Belfast Telegraph

Keeping business in the family isn't always easy

Platform

By Patrick Graham, investor with the Business Growth Fund

We often hear it said that family businesses are the backbone of the Northern Ireland economy - and the figures would seem to confirm that is true.

Almost 75% of companies in Northern Ireland are classed as being family-run, and a report by PwC earlier this year suggested family businesses collectively employ more than 50,000 people in the region.

However, that same report noted that only a fraction of those businesses will, for whatever reason, survive and stay in the family beyond a couple of generations - whether because of the retirement of the founder, internal conflicts, a reluctance to bring in external expertise or other reasons.

BGF (Business Growth Fund) has a lot of experience of working with successful small and medium sized businesses across Britain and Northern Ireland, and while every business is different, there are a few common traits across the successful family-owned and run companies we've worked with which help them to thrive. In the first instance, structure is really important.

It sounds simple but when a family business grows quickly and organically, this can be lost. With clear reporting lines in place, internal conflicts between staff (whether family or non-family) are more easily avoided. Structure is also key when it comes to succession.

Family businesses tend to be founded by one or two members of the same generation but if junior family members are in the business and have ambitions to take the business forward in the future, they need to have clarity on their own personal progression and also the longer term succession plans when the current leaders retire.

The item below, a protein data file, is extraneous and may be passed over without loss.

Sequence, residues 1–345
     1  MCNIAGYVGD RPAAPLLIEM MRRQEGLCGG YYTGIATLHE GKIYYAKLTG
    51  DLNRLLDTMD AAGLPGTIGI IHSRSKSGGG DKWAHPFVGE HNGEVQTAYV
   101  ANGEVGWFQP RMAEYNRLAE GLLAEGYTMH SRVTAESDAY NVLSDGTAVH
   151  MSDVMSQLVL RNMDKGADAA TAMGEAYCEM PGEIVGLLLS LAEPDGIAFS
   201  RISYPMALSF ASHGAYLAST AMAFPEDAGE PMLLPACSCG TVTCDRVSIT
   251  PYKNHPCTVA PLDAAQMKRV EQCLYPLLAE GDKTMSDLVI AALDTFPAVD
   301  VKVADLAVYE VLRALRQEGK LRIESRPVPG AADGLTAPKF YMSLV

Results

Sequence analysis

Like any business, successful family companies can often require outside expertise to be brought in - for example, via new senior staff, advisers, or third party investors.

This can understandably be a very emotive decision for any business owner and particularly family run businesses, which can often be a barrier to getting the right input in order to maximise growth opportunities.

As minority investors, BGF makes it a priority to spend plenty of time getting to know the family that owns the business we're investing in and to allow them to get to know us.

We have learned how important it is to understand and respect the family dynamic because it is unlikely that dynamic will change dramatically following our investment - and nor should it.

We also work hard to understand what the family want to achieve with the business and on a personal level as that allows us to structure an investment that meets these goals.

In my view, building trust and a strong relationship is absolutely key. In many cases the businesses we invest in have been through numerous family generations and it can be a massive a decision to introduce third party investors.

We have found that the more time we spend building trust, the stronger and more open and collaborative the relationship becomes.

Of course, in most cases the family knows the business, its markets and its customers inside out.

Therefore, when it comes to bringing in external expertise, we add value by introducing non-exec directors, and chairmen, who bring their own direct experience and another perspective.

Again relationships are key so time must be spent up front to get the right individual. What operational expertise a family business needs can depend on their long terms plans. If the family want to continue the business for the long-term and there is natural succession then there may be no need to introduce additional senior management.

However, if there isn't natural succession and the family member wants to step back, then we will help them to find appropriate skill sets to bring in.

There are no golden rules. But with transparency, structure and a serious investment in relationships I believe that even more of Northern Ireland's family-owned businesses can be successful for the long-term.

Belfast Telegraph

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